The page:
General Assembly – Conference Room 3
August 13th – 10:00 – 1:00
By Wayne Dean Doyle
A well represented elderly body assembled in Conference Room three today at the United Nations headquarters for an interactive panel discussion on many pressing issues concerning the global elderly population.
Mr. Stelios Makriyiannis, OEWG vice Chair/Cyprus, began the interactive dialogue stating, “These panels are to provide an opportunity to openly address pressing issues which are directly and indirectly affecting the number of older persons in the world.”
As the discussion progressed it became evident that many countries were facing similar issues relating to the protection of its older population. These issues comprised of, but were not limited to, social protection, health care, mobility and forms of adequate transportation, community networks and progressively structured frameworks to enable the elderly population to participate fully in society.
“No single country has yet adequately tackled the challenges associated with the human rights of older persons,” stated MR. Makriviannis.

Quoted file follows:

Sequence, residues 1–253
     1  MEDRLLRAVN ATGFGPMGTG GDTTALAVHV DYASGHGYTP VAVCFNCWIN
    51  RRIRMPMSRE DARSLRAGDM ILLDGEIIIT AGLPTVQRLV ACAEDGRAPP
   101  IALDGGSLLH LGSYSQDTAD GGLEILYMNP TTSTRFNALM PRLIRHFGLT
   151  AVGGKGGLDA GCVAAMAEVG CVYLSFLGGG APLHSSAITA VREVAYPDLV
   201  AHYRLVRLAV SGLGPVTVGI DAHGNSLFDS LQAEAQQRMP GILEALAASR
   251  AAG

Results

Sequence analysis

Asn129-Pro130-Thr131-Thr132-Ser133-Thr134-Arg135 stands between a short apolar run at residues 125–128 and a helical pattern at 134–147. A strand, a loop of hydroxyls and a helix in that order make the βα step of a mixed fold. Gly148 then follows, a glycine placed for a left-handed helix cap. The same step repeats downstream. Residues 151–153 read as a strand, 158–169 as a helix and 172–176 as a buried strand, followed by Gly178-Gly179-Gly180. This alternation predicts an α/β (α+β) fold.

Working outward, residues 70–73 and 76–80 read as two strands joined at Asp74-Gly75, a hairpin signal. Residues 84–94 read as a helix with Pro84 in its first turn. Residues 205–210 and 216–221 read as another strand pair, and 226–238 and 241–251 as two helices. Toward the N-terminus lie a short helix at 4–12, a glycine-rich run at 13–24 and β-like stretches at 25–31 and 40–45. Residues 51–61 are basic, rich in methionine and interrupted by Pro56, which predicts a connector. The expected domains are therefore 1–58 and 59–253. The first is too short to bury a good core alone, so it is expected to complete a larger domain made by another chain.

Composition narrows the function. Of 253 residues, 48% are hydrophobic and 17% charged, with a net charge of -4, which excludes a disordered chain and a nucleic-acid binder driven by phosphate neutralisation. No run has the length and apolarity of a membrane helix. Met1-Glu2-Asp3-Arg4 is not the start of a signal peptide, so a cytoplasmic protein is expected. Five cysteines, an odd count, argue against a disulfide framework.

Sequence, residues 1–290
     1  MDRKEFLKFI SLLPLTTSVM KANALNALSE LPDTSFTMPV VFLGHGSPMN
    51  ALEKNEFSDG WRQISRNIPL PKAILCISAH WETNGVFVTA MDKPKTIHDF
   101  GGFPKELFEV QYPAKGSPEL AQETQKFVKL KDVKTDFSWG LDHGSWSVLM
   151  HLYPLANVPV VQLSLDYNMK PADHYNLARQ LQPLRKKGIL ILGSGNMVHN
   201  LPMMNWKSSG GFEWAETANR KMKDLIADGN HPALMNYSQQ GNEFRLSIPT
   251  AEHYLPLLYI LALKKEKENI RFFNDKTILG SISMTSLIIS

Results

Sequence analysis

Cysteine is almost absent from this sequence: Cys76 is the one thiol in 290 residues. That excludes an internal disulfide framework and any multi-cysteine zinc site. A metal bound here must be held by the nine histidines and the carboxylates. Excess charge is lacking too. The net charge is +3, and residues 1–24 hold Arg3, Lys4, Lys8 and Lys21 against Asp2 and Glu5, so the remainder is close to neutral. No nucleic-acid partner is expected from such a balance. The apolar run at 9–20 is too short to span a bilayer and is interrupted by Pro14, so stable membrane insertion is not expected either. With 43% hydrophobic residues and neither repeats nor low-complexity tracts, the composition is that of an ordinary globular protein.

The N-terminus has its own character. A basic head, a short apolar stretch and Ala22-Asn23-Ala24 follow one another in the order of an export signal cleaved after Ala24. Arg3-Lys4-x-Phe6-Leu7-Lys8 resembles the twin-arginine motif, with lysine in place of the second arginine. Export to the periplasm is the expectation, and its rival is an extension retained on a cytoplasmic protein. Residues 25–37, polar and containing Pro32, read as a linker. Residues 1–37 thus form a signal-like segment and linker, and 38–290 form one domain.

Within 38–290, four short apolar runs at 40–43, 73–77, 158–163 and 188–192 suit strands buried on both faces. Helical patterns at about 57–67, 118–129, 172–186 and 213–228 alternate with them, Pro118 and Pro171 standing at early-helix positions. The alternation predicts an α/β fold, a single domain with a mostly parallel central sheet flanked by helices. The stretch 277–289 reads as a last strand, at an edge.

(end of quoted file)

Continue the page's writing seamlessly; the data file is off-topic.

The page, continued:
Other members of the panel such as, Yeung Sik Yeun (African Commission on Human and Peoples Rights) reiterated the stance of Mr.Makriyiannis.
“We need to move fast, get the clearance and really just hope that the changes and recommendation that we have made and the amendments to the draft become implemented,” stated Mr. Yeung Sik Yeun.
Various anecdotes of how individuals age and mental health state, directly affected the outcome of judicial proceedings were also drawn upon in order to help the attendees visualise the extreme cases of seclusion experienced by some of the elderly population.
Daniele Cangemi, European Human rights Law and Policy Council stated “the reason that protective rights are implemented is to ensure the utmost protection for those who may become vulnerable in their old age.
“The International Treaty on Human Rights, article 23, enables older people guaranteed resources to actively participate within society. We also need to ensure the protection of older people against acts of discrimination”, concluded Mr. Cangemi.
These recommendation’s outlined on the provisional agenda are not binding instrument‘s, but rather a template of the ethically correct way to improve, encourage and develop on the social pillars surrounding the older generation.